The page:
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Law enforcement and autism

Dr. Katherine Stavropoulos discusses why encounters with police may be more dangerous for those with ASD compared to the general population, and why training is needed, in Psychology Today.

Researchers offer resource for teachers transitioning to — and from — remote learning

Researchers from Smooth Sailing, a bicoastal project partially based out of GSOE, create new resource guide to help teachers build better relationships with students remotely.
By Tess Eyrich |

Message to our Community

The UCR Graduate School of Education is committing to an unwavering dedication to the fight for racial justice, including the complete dismantling of insidious forms of oppression.

Professor writes song about pandemic in native Basque

Begoña Echeverria wrote "Coronavirus Biru" in memory of her late aunt, Mari Carmen Echeverria Itcea.
By Tess Eyrich |

School psychology doctoral student wins Dissertation Award

Ashley Pfenning is the recipient of one of three 2020 Spring Dissertation Awards presented by the Society for the Study of School Psychology.
By Tess Eyrich |

#UCRGrad20: Ahtziri Hernandez

Ahtziri Hernandez ’20, Education Congratulations on your upcoming graduation! How did you decide to become an education major? My goal since high school was to become an elementary school teacher so when the education major was created during my second year, I had to join the program. Tell us a little about your time at...

#UCRGrad20: Emad Alussaif

Emad Alussaif’s dream is to be a researcher, so when he was applying to doctoral programs, he decided to move from Saudi Arabia to study with some of the nation’s top special education researchers at UCR Graduate School of Education. Emad’s research interests include designing reading instructions to help improve reading comprehension for students with...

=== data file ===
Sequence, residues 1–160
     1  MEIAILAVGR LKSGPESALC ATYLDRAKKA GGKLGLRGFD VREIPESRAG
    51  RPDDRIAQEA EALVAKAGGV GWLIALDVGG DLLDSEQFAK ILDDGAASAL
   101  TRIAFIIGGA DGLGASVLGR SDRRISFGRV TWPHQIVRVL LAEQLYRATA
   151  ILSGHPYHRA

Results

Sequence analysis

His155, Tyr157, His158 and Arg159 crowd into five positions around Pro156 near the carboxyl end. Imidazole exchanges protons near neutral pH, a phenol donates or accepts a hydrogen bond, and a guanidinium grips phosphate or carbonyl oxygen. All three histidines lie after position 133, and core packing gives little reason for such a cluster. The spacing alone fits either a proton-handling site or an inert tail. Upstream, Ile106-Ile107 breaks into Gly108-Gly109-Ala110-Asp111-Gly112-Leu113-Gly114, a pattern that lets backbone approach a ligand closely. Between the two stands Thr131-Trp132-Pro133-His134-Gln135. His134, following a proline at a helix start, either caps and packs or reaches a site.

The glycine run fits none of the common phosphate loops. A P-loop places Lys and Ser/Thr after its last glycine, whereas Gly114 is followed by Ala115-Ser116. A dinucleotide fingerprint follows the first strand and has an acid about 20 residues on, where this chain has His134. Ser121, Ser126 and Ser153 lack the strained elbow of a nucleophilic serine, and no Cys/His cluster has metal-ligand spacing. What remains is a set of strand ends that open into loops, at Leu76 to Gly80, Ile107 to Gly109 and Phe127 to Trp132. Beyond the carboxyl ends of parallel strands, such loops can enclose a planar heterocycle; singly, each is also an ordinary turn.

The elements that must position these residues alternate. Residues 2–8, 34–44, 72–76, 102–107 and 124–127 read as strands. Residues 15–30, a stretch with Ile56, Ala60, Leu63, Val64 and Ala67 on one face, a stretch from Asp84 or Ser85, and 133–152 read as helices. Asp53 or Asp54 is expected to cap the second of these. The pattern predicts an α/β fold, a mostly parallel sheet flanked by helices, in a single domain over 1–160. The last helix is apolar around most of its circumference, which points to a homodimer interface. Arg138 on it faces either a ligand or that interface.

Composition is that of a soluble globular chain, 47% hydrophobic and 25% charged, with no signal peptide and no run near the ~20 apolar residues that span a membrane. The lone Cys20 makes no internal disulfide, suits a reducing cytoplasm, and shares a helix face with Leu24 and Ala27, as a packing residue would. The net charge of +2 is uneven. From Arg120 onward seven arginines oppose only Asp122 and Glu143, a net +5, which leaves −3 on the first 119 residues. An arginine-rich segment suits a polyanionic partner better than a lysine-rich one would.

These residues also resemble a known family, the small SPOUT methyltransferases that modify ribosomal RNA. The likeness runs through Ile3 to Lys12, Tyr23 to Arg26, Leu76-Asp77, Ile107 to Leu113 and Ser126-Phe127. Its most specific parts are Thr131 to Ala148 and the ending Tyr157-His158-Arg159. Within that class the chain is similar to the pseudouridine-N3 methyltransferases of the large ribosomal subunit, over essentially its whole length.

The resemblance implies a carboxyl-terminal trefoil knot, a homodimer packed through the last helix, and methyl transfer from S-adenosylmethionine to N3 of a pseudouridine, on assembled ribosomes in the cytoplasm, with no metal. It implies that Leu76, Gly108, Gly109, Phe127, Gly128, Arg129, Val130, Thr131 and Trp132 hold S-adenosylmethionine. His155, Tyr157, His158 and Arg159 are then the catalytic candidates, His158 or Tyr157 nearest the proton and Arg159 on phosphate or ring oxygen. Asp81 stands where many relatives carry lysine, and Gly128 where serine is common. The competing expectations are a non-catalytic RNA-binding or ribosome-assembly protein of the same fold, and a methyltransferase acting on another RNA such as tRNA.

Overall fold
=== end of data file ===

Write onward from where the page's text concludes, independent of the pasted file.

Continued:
By Julie Porter |

#UCRGrad20: Jennifer Ramos

Jennifer Ramos '20, Education and Liberal Studies Education concentration: Social Justice, Policy, Community Congratulations on your upcoming graduation! How did you decide to become an education major? Before adding Education as a second major, I was only pursuing Liberal Studies (LBST). Being that LBST was a very broad major and was not entirely focused on...

#UCRGrad20: Sarah Juarez

When Sarah Juarez told her high school guidance counselor that her goal was to attend graduate school, their response was, “We will see if you can even make it through community college because you are not college-ready.” Not only did Sarah make it through community college, she earned two associate degrees, was accepted to nine...
By Julie Porter |

#UCRGrad20: Sergio Iribe

Sergio Iribe '20, Education and Public Policy Education Concentration: Community, Policy, Leadership Congratulations on your upcoming graduation from UCR! What inspired you to study education? I always wanted to work with youth, so I wanted to take steps toward accomplishing that. When I entered UCR, the education major wasn’t offered yet; I started off as...